1 scenario (1 passed)
7 steps (7 passed)
0m0.29s (12.88Mb)

Success! The test passes! In case you are wondering, I'm using the Goutte browser. It is a command line browser, and the driver to use it with Behat is installed as a dependency of the Behat Drupal Extension package.

Other things to note

As mentioned above, BDD tests should be written from the perspective of the user performing the action. Users don't think in terms of HTML name attributes. That is why writing tests using subject[0][value] and message[0][value] is both cryptic and not very user friendly. You can improve this by creating custom steps at features/bootstrap/FeatureContext.php, which was generated when Behat initialized.

Also, if you run the test several times, you will find that it starts failing. This is because Drupal, by default, imposes a limit of five submissions per hour. Each time you run the test, it's like a real user is performing the action. Once the limit is reached, you'll get an error on the Drupal interface. The test fails because the expected success message is missing.

This illustrates the importance of debugging your tests. There are some steps that can help with this, like Then print last drush output and Then I break. Better yet is using a real debugger, like Xdebug. You can also install other packages that provide more step definitions specifically for debugging purposes, like Behatch and Nuvole's extension,. For example, you can configure Behat to take a screenshot of the state of the browser when a test fails (if this capability is provided by the driver you're using).

Regarding drivers and browser emulators, Goutte doesn't support JavaScript. If a feature depends on JavaScript, you can test it by using the Selenium2Driver in combination with Geckodriver and Firefox. Every driver and browser has different features and capabilities. For example, the Goutte driver provides access to the response's HTTP status code, but the Selenium2Driver doesn't. (You can read more about drivers in Mink and Behat.) For Behat to pickup a javascript enabled driver/browser you need to annotate the scenario using the @javascript tag. Example:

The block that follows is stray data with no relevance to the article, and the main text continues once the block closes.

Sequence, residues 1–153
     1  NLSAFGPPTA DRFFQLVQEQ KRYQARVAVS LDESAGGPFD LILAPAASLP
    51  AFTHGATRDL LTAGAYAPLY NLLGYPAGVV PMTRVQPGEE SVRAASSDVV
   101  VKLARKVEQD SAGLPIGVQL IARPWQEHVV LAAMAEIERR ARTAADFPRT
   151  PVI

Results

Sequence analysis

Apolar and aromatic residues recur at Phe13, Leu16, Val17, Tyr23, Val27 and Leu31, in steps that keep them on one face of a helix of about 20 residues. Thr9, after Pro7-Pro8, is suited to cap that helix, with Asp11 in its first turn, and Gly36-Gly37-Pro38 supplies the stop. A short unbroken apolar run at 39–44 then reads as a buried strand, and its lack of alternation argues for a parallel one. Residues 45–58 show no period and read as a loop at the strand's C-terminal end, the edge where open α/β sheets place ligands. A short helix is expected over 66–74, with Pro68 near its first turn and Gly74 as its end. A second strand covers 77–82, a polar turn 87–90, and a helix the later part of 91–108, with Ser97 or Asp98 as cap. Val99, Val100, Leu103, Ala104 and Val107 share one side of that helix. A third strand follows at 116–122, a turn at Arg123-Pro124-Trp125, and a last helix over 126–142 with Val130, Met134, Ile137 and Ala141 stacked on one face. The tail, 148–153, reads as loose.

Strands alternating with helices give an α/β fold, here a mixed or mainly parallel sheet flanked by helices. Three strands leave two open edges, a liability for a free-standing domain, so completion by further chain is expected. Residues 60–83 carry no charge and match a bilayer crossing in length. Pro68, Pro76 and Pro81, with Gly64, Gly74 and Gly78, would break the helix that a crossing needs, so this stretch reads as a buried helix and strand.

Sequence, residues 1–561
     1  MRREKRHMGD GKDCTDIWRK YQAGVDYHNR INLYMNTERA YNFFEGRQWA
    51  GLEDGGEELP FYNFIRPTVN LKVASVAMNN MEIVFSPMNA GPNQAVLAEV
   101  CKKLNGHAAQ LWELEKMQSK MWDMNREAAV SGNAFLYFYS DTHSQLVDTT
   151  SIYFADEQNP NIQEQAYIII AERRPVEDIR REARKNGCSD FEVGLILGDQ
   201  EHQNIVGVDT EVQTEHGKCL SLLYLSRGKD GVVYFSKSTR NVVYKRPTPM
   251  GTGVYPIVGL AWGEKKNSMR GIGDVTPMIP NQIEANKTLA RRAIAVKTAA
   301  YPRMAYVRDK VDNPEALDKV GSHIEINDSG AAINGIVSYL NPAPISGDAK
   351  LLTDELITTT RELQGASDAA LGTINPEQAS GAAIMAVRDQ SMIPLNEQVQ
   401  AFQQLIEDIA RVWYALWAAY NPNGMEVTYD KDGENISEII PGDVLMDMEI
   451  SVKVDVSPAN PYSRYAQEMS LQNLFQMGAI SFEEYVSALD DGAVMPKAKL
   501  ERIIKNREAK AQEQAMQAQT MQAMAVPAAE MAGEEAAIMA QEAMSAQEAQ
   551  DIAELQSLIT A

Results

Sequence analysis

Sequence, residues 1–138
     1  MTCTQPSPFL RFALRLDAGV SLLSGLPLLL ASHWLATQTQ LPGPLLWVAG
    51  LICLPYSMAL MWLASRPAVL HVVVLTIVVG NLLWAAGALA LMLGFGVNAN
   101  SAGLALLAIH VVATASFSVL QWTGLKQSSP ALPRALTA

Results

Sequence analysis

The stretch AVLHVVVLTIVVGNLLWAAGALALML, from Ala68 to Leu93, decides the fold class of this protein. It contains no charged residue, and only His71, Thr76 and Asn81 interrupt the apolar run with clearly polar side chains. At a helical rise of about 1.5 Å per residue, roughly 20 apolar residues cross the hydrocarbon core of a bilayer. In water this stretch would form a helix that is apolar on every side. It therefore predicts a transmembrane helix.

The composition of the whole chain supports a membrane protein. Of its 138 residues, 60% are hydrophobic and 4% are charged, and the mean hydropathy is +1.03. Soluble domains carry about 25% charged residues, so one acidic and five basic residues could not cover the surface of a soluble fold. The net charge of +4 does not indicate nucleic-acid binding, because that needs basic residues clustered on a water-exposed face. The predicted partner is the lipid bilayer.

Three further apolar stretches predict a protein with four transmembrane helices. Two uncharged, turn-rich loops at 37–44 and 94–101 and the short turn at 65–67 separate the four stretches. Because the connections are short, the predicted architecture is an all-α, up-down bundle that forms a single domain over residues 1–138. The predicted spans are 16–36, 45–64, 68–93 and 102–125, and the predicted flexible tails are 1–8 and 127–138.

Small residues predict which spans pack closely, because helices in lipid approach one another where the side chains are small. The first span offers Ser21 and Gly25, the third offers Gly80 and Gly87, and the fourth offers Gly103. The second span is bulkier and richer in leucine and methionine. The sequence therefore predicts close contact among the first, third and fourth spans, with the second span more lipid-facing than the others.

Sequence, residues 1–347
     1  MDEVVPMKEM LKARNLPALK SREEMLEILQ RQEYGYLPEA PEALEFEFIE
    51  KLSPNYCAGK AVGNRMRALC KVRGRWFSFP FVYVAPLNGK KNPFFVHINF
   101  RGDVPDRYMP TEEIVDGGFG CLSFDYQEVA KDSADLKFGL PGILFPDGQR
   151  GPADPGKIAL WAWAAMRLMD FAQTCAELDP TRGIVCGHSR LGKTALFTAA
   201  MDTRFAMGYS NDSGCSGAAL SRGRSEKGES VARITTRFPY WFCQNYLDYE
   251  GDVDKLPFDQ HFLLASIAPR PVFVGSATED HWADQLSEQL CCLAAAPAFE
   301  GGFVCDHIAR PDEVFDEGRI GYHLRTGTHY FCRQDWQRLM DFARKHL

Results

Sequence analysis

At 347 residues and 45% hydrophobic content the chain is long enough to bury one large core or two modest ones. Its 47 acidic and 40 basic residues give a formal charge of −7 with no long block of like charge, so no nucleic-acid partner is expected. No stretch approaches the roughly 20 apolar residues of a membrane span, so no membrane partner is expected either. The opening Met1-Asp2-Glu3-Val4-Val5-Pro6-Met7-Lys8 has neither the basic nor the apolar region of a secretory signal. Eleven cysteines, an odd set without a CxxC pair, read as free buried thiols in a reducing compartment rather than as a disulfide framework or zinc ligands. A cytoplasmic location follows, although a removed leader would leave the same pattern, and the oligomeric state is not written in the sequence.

Feature:
 (feature description)

  @javascript
  Scenario
: An editor can select the author of a node from an autocomplete field
    (list of steps)

Another tag that is useful for Drupal sites is @api. This instructs the Behat Drupal Extension to use a driver that can perform operations specific to Drupal; for example, creating users and nodes for your tests. Although you could follow the registration process to create a user and assign roles, it is easier to simply use a step like Given I am logged in as a user with the "Authenticated user" role. For this to work, you need to specify whether you want to use the Drupal or Drush driver. Make sure to update your behat.yml file accordingly. For example, to use the Drupal driver:

default:
  extensions
:
    Drupal\DrupalExtension
:
      blackbox
: ~
      api_driver
: drupal
      drupal
:
        drupal_root
: ./relative/path/to/drupal

I hope this introduction to BDD testing in Drupal serves you well. If you have questions, feel free to add a comment below, send me an email to {my first name}@{my last name}.me  or a tweet at @dinarcon.


Mauricio Dinarte will present Behavior-Driven Development in Drupal 8 with Behat at DrupalCon in Seattle, April 8-12, 2019.


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About the author

Photo of Mauricio Dinarte
Mauricio Dinarte - Mauricio Dinarte is a Drupal and React JS developer with a passion for teaching. Over the years, he has presented more than 30 sessions and workshops at different conferences across America and Europe, including DrupalCons. With his project UnderstandDrupal.com he wants to break the language barrier by teaching Drupal and related technologies in English, Spanish, and French....